Ask any English sports fan for their memories of World Cup 2007, they'll no doubt be able to recall the kicking of Jonny Wilkinson, the inspirational leadership of Phil Vickery and the dancing feet of Jason Robinson.

A significantly smaller number will be able to talk about the performances of Kelly Smith, Faye White and Co.

In September the England women's football team travelled to China to compete in the World Cup. Despite being the second lowest-ranked team in the tournament, Hope Powell's side made it through to the quarter-finals with a series of impressive performances, including holding eventual winners Germany to a goalless draw.

Despite a lukewarm reaction in the written press, the BBC devoted more air time than ever before to the tournament and this, combined with England's prolonged stay in the Far East, generated a support among the public not seen before. Has it signalled a change in attitude towards women's football or merely proved that we will forever be in the shadow of the likes of Germany and the United States when it comes to supporting our women's team?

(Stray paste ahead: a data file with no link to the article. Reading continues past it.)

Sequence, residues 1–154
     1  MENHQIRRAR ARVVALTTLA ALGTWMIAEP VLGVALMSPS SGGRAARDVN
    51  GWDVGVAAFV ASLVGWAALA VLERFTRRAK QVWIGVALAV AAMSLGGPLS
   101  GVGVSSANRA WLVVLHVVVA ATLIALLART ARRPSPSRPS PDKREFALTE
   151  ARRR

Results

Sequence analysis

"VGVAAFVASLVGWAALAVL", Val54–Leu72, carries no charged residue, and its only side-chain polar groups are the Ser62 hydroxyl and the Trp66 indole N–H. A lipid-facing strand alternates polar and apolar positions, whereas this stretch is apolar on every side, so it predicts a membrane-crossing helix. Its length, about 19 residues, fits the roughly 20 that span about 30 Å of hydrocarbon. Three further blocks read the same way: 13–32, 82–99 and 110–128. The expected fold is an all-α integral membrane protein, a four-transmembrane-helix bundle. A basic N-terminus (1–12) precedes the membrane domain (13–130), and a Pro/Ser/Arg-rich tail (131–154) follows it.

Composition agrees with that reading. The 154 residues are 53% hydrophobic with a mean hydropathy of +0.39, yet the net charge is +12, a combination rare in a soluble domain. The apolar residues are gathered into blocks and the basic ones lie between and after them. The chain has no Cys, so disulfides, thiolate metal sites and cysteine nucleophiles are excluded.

Veteran midfielder Sue Smith, who made her international debut in 1997, says she noticed a definite increase in coverage of England's Lionesses. "Often we play international games and no-one would even know the score," she said. "At least reports were printed in most papers and obviously being live on the BBC helped us a lot."

The fact that the BBC did screen all of England's games live was also appreciated by Birmingham-born Arsenal winger Karen Carney. "I was happy with what the BBC did," she said. "I think they are really supportive of the women's game and can't do enough to help us. The fact that our final game got moved to BBC One was fantastic."

Her comments are echoed by Chelsea goal-keeper Siobhan Chamberlain, who says the BBC's support helped raise awareness among the public. "I think it definitely has raised support, I think the viewing figures for the quarter-final were quite high, especially considering the rugby and cricket were both on at the same time."

Everton's Lindsay Johnson believes support for the England side was swelled by the tournament, saying: "A lot of people have been in touch saying how much they enjoyed the Women's World Cup, I think it has created positive awareness, maybe highlighting the challenges female footballers face compared to the men."

England were eventually defeated in the quarter-finals by the US, who are historically one of the best women's teams in the world. Although the gap between England and countries such as the US and Germany has been closed slightly, members of the Three Lions squad say they saw a noticeable difference in off-the-pitch activity while in China.

Johnson said: "What I observed of the Germans and Americans in particular was the professionalism of their staff and players.

"The Germans had a lot of press following them around the hotel. The US side really took the whole competition very seriously, in particular security issues.